Whale mortalities near Kodiak Island in May led to a string of tests on one of the better preserved carcasses to detect just what caused those deaths. Kate Wynne, a Marine mammal specialist with the University of Alaska in Kodiak says, so far, they haven’t found anything conclusive.
She says the fin whale tested negative for domoic acids and they’re currently waiting on two other tests.
“One for paralytic shellfish poisoning and the other for casein 137, which is a radionuclide. It’s an indicator of radiation that would be from Fukushima or something similar,” says Wynne. “And we don’t expect that that would be the cause of their death, but we’re just checking all possible sources of potential mortality.”)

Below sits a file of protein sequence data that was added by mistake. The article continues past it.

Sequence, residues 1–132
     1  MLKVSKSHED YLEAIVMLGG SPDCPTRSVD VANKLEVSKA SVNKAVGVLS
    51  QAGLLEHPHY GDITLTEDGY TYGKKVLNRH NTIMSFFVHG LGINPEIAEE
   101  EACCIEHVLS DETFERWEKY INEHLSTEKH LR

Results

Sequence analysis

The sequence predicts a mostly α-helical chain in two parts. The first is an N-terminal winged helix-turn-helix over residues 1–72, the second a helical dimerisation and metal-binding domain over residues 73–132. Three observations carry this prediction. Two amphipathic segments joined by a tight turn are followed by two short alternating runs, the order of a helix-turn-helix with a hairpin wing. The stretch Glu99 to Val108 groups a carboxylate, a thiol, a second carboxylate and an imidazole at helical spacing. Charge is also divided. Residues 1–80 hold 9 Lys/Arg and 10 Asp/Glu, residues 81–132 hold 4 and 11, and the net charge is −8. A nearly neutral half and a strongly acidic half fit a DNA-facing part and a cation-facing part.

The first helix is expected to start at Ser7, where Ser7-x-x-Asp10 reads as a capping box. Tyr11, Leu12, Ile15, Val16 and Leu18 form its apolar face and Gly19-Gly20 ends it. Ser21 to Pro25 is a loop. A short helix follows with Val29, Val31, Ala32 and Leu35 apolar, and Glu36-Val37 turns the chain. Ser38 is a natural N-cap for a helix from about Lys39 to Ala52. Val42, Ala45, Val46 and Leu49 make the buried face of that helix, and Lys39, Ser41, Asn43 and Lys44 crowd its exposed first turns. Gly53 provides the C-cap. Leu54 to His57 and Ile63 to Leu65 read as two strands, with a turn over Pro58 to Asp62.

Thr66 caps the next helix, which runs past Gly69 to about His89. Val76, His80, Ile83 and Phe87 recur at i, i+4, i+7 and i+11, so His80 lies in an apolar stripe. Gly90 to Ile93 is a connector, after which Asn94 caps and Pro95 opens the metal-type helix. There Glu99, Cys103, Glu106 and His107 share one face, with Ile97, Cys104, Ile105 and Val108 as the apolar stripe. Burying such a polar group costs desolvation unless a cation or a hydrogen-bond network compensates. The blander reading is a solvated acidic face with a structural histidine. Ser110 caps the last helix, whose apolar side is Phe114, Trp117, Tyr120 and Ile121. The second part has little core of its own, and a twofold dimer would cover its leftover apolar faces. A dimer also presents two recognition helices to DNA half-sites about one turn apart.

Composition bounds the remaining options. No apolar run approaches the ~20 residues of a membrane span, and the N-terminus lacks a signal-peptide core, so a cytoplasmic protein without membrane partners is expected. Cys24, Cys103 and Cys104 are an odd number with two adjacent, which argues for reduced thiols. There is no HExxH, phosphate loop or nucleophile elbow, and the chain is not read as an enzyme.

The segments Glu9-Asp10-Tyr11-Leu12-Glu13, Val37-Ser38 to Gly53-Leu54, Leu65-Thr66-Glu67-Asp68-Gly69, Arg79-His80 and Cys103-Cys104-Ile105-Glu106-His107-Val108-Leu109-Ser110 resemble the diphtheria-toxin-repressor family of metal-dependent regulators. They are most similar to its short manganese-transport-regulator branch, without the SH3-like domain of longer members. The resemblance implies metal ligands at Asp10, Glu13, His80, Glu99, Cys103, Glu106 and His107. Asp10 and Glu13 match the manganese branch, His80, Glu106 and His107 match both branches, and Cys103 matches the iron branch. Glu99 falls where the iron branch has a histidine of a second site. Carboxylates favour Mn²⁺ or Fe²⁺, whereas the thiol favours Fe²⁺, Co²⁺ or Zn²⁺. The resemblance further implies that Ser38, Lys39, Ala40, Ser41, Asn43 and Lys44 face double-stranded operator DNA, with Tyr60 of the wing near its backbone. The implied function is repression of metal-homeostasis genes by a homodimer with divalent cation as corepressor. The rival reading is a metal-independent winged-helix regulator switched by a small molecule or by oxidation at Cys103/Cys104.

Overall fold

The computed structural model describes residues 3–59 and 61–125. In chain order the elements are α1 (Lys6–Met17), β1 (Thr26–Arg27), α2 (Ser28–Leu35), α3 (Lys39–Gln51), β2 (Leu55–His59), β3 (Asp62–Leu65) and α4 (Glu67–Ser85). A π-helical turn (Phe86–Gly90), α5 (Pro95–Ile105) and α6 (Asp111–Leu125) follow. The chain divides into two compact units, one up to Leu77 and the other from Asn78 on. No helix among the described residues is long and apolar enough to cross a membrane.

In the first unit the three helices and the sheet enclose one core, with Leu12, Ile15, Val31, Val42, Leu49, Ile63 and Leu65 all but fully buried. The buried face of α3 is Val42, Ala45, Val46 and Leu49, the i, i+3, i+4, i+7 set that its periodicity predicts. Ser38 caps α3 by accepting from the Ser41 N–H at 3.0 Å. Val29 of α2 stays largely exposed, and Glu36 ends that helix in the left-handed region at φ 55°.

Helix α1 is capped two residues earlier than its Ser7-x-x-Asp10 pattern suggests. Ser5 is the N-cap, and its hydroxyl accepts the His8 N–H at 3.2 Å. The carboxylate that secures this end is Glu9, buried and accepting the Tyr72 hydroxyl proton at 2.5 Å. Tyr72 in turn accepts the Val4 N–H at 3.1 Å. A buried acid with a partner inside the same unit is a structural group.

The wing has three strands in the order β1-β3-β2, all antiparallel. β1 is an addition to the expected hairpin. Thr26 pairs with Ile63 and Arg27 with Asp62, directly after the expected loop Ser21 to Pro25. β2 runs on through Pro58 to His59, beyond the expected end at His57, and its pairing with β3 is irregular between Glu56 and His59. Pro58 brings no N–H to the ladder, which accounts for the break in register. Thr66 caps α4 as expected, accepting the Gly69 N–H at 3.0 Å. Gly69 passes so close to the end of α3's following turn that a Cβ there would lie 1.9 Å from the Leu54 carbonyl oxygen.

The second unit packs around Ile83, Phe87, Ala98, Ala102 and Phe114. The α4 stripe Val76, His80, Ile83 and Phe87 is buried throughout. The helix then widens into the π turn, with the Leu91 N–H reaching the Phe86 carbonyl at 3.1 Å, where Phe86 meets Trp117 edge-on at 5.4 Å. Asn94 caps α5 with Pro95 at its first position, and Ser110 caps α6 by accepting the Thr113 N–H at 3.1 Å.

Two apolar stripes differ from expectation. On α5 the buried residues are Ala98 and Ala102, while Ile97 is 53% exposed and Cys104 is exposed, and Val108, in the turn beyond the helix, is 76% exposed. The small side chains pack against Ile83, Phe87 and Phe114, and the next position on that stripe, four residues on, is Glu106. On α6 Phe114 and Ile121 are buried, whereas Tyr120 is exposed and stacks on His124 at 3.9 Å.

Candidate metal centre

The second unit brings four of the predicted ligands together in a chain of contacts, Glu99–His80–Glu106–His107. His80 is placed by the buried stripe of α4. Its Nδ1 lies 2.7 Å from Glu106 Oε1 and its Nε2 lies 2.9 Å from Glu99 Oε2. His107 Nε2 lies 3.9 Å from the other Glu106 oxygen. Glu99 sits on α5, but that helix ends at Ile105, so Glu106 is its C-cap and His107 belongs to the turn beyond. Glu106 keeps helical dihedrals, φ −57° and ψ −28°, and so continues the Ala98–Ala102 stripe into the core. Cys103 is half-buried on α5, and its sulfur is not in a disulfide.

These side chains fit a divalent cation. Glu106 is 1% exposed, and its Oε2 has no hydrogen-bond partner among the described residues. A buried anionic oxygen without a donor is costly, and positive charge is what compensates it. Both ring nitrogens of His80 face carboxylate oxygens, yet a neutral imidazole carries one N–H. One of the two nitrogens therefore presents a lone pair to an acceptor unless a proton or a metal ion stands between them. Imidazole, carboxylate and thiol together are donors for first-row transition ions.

She adds that more whales have washed up since the first sightings.
“We’ve been documenting continued arrival or landing of whale carcasses up and down the coast for the last month and half,” Wynne says. “And the good news is that there are no new ones showing up that are fresh, indicating that they’re not still dying. Some have floated up and come ashore that are really old, so they died about the same time back in May.”
She says the public’s participation has been helpful and asks that people call her if they see odd behavior like seizures from seals or sea lions or mass die-off of any species from fish to birds. She says in the case of such a sighting, dial 486-1517.